Hello people and pooches. Joe the Cocker here. We are in lockdown again. That means that we are confined to local walks. Also, the human half of this partnership is waiting for an MRI scan on his injured knee. I think that he should ‘man-up’ and stop malingering. Anyway, he did a bit of research and came up with an idea for a walk, inspired by the Runcorn Historic Society. A page on their website shows a list of Historic, but Unlisted Buildings in the town. It is not a complete list of the town’s historic buildings but, it is a good starting point and would make an interesting walk, for him, anyway.
We started our bimble from home and headed up Heath Road, toward Weston Village. After a short detour into the Town Hall gardens, it was an on-lead walk up to The Heath playing fields, where I had another manic runaround. There was plenty of puddles for me to zoom through before I was back on the lead again as we passed the Covid testing centre. The big feller said that he was amazed that nobody was being tested as we passed and what a sad sight that it was. We soon reached our first stopping point at the Roundhouse pub.
The Roundhouse, named because of its curved exterior, was formally known as the Quarry Hotel. Sandstone quarries were once dotted around Runcorn Hills, just across the fields opposite, and the pub was a popular haunt of the quarry workers. There is a Blue Plaque on the outside wall that tells about the history of the quarrying industry in the area.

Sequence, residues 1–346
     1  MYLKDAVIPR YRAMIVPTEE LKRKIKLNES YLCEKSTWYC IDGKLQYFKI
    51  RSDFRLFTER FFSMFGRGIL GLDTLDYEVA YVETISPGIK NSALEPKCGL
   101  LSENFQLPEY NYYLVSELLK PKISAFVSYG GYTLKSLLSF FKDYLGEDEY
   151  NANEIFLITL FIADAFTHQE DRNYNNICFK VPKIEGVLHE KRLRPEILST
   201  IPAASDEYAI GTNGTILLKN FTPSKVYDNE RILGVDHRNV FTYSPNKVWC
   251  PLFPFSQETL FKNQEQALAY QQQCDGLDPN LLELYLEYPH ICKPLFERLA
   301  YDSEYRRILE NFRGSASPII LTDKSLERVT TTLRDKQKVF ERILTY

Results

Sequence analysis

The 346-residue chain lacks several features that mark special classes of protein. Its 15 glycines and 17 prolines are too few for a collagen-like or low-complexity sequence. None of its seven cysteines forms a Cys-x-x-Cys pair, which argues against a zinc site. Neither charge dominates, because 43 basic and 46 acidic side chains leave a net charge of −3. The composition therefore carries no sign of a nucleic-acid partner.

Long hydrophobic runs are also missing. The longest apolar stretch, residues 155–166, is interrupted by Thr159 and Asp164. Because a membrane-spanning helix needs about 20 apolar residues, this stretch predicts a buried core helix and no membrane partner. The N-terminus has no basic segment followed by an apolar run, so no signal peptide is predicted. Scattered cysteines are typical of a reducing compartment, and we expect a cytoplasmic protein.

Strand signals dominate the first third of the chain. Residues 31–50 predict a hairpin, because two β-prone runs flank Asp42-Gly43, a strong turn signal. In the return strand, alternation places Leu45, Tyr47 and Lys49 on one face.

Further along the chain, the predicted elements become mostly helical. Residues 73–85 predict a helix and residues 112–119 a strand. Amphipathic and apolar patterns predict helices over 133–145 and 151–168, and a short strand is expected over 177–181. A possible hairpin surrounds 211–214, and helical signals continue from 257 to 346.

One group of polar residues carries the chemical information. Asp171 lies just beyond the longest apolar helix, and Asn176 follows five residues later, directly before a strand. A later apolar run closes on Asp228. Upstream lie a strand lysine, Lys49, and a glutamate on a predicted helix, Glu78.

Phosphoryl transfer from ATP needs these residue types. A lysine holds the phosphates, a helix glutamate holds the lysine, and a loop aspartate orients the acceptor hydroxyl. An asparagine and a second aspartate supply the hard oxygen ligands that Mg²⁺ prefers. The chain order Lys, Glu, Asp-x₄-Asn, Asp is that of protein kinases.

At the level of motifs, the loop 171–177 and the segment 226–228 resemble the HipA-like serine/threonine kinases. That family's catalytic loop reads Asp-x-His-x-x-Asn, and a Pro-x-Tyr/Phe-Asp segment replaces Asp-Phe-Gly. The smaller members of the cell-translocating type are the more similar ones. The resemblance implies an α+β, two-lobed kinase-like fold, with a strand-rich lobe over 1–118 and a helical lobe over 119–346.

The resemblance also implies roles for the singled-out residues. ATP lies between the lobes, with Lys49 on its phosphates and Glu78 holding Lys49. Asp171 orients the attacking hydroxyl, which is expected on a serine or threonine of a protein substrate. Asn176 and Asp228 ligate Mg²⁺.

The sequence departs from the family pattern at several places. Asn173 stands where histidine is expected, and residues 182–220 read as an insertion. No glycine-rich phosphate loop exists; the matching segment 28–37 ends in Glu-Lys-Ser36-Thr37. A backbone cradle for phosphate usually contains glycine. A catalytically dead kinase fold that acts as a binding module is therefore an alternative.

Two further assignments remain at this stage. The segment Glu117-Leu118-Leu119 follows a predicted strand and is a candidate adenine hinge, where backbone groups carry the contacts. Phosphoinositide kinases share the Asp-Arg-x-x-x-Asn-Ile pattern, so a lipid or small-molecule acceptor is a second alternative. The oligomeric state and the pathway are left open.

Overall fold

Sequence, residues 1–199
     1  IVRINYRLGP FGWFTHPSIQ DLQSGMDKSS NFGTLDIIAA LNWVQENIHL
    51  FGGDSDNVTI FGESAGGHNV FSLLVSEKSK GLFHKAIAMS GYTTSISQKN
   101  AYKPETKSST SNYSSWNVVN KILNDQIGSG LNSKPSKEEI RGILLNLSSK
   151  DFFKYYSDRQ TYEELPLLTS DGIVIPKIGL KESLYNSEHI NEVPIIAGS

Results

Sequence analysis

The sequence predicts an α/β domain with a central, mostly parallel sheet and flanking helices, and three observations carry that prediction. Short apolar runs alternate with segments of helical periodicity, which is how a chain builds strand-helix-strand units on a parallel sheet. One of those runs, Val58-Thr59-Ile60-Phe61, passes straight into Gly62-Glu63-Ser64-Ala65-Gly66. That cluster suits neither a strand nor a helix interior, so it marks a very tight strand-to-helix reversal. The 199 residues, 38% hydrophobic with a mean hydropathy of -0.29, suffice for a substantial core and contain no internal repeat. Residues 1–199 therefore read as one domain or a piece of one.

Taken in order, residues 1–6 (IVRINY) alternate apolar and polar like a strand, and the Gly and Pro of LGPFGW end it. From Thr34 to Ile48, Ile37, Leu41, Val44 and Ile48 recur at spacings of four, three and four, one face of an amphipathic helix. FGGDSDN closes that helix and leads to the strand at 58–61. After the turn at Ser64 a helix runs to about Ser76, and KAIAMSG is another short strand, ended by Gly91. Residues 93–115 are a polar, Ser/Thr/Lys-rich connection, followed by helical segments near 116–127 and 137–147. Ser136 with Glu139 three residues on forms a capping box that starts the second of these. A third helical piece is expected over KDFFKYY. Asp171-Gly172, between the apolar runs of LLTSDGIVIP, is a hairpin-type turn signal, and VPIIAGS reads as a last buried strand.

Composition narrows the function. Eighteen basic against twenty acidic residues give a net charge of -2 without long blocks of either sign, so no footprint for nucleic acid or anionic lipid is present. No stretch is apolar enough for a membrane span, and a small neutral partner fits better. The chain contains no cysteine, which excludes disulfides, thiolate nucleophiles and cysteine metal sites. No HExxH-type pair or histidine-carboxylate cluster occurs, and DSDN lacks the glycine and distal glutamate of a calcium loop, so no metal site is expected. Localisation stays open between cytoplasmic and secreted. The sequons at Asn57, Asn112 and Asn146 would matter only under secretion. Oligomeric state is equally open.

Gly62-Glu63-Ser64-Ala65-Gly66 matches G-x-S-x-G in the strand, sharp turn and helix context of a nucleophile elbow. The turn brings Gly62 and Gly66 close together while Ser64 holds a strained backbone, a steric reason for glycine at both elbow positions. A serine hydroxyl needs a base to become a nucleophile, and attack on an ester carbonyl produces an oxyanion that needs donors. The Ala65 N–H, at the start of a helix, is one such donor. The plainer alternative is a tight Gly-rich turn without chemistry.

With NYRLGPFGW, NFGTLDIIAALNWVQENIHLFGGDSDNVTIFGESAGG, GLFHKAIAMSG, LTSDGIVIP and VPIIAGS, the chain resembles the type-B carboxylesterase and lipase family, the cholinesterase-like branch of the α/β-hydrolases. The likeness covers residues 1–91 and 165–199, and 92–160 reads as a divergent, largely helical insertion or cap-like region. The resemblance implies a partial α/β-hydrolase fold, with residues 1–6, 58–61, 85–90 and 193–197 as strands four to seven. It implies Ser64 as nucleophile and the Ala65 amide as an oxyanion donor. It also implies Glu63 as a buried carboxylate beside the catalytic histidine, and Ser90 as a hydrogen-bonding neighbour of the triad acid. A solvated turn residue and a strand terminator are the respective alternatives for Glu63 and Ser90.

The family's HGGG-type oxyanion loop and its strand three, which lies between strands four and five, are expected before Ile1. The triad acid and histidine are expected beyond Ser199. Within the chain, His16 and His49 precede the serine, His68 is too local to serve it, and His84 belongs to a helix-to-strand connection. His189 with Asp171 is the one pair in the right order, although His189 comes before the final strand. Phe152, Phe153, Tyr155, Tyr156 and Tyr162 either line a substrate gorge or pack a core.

A few hundred yards further along Heath Road South is another of the town’s historic pubs, The Royal Oak. Built in 1865, the Royal Oak is currently closed awaiting a new tenant. We turned right at the junction which took us along Weston Road to our next short stop, outside of the Prospect Inn. This very popular pub stands high above the Mersey estuary and commands extensive views from the rear of the building.
We turned back toward Weston village and headed down Cheshyre’s Lane and into Weston Point. At the northern end of South Parade, we came to the Weaver Hotel. The pub was rebuilt in 1908 for Greenall Whitley and refurbished in 2005 with an exterior clean up, giving it a stunning appearance. Sadly, the pub exterior has been neglected since the refurbishment.
From this point it was a slow trudge up Sandy Lane to Weston Road until we turned right up to the Traveller’s Rest. ‘The Tup’, as it was known locally, dates from the 1920’s. It has been converted from a pub to a private residence a few years ago. My dad took me into Runcorn Hills for a quick blast around the footpaths. After a few minutes of burning off some energy, we headed back down Highlands Road to Holloway.
Directly in front of us was the old ‘Cottage Hospital’ or The Victoria Memorial Hospital. It was once the town’s main hospital until the current Halton Hospital was built and later became NHS offices. It has since been converted to an apartment complex.
Further down Holloway, we came to the Almshouses, that once lined a track from Runcorn town to Higher Runcorn. We shortly turned right along Queen’s Road until we reached Greenway Road. This brought us to St. Michael’s and All Angels church. Building of the church commenced in 1884 with the first service taking place three years later. It is a stunning sandstone structure and looks particularly impressive under its night illumination.